Thursday, 7 January 2016

The Bayesian classifier function in the dissertation - Part 4: Constructing and evaulating the classifier

I made global histograms for all of the HRSC DTM tiles of the feature vector (NDR, DTM, slope, Asp, LgtCrv, CrsCrv) , and also histograms for the zonal statistics (I did this for 'head' areas, 'extent' areas and 'context' areas.)

Histograms for zonal statistics for 'extent' shapefile polygons:

Histograms for all of the HRSC tile area:

This is the area of study, I only used the HRSC tiles that I had already identified as having a Souness object. It would perhaps have been better to got all the HRSC tiles between 25° and 60° in both hemispheres, for a more 'global' set of background.

I made a 4 component gaussian fit to these, and then had analytic functions of feature variables, and then made ratios of the zonal/global as functions of the feature vector.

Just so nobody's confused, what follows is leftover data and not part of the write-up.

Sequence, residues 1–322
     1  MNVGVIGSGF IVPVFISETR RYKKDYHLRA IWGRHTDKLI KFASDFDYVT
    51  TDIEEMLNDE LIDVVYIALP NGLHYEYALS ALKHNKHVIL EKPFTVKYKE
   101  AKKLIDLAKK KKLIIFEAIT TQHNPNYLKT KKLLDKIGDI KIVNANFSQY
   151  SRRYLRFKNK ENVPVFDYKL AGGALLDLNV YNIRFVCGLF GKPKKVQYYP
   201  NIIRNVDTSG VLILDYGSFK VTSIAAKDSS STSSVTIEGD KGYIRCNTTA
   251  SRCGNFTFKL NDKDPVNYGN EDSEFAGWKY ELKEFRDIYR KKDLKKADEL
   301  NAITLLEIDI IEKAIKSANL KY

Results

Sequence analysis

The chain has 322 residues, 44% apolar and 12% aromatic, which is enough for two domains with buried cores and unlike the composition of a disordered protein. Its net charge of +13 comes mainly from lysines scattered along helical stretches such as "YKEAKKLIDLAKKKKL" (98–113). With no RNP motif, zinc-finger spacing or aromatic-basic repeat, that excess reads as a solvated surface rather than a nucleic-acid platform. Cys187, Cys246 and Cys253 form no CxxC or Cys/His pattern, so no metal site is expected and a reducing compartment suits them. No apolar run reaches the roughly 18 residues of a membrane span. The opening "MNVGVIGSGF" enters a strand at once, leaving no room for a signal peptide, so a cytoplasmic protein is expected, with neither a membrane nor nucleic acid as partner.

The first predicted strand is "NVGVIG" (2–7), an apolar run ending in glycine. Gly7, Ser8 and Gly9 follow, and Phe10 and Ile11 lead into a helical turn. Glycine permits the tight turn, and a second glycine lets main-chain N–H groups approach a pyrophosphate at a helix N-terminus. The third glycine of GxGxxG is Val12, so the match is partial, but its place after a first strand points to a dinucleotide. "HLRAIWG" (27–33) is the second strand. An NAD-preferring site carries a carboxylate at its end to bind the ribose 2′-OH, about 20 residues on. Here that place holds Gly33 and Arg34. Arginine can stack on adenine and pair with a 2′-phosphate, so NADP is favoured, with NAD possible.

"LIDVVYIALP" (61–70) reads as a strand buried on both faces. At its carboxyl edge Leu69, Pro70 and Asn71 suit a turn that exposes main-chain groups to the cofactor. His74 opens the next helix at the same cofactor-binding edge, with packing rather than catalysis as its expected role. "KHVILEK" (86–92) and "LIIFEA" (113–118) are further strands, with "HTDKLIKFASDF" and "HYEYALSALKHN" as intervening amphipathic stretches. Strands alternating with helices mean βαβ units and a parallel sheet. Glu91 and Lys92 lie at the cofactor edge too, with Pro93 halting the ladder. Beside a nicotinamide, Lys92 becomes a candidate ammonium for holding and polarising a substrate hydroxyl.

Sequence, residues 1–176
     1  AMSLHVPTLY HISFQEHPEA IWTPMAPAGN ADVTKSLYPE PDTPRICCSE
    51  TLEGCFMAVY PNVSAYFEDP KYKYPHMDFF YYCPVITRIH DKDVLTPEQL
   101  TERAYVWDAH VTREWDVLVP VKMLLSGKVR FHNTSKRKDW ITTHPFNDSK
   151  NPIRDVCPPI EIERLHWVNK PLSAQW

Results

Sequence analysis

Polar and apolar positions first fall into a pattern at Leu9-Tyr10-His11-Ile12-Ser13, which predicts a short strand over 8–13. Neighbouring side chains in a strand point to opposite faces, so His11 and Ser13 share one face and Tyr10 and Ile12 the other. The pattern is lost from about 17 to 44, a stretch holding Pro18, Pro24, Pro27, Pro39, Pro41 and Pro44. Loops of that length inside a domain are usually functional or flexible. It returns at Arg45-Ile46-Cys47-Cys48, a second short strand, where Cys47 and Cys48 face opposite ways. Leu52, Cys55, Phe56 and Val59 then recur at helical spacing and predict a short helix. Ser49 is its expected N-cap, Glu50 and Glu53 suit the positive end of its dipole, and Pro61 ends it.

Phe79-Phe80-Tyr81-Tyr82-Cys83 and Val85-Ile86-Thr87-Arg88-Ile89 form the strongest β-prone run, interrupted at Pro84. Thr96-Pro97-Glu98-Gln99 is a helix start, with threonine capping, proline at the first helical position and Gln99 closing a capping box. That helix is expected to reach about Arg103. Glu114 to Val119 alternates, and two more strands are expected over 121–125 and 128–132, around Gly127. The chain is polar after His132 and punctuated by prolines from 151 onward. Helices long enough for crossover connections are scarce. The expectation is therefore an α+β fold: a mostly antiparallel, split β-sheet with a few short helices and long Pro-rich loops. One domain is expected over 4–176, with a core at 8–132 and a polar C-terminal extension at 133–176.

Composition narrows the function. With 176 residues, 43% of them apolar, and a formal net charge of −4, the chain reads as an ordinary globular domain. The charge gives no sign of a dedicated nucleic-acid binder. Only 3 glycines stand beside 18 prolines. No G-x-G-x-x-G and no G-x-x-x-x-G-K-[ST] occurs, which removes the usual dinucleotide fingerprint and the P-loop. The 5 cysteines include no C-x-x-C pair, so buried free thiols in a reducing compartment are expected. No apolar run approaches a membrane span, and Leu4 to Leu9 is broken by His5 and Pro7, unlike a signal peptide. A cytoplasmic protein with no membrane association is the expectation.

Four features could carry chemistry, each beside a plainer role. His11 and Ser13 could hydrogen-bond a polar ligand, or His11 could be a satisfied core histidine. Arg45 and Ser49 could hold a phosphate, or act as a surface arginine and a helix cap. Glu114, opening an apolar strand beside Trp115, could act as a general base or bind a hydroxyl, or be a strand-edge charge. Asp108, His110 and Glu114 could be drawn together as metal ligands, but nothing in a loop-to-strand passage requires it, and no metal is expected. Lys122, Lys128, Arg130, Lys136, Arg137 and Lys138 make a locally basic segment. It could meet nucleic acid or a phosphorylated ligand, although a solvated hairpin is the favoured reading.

The abundance of Souness GLFs when expressed as a ratio looks less bimodal than the absolute number, since the bimodality is also present in the underlying elevation distribution (though with a caveat for the 'background' excluding areas where there are no Souness objects)
Slopes of 10-20° are favoured.
Both longitudinal and cross-sectional curvature is favoured to be negative, ie. concave slopes within hollows.

I defined the classifier function K as the product of all of these (excluding NDR since it was locally normalised in the HRSC data), and used ln(K) in my interpretation, and in the dissertation made a basic z-test showing the classifier was better than random at predicting the glaciers locations, but looking at a number of fields, it was clear the classifier was not specific to the particular type of object Souness catalogued, but perhaps could be useful as a search tool.

Wednesday, 6 January 2016

Souness GLF elevation profiles

I have decided, despite the general poor quality of code, to put many of my Python scripts that I used to process my dissertation online. It is not likely to be very useful to someone else, because it is particularly built around the dataset that I amassed from HRSC Mars Express DTMs and written in a very ad-hoc way.

The scripts are at

One thing I have developed a little beyond my dissertation is the profile along the midpoint of the glacier. I have extended my script that generated the shapefiles of the glacier extents to do circles following the mid-line all the way from head to terminus.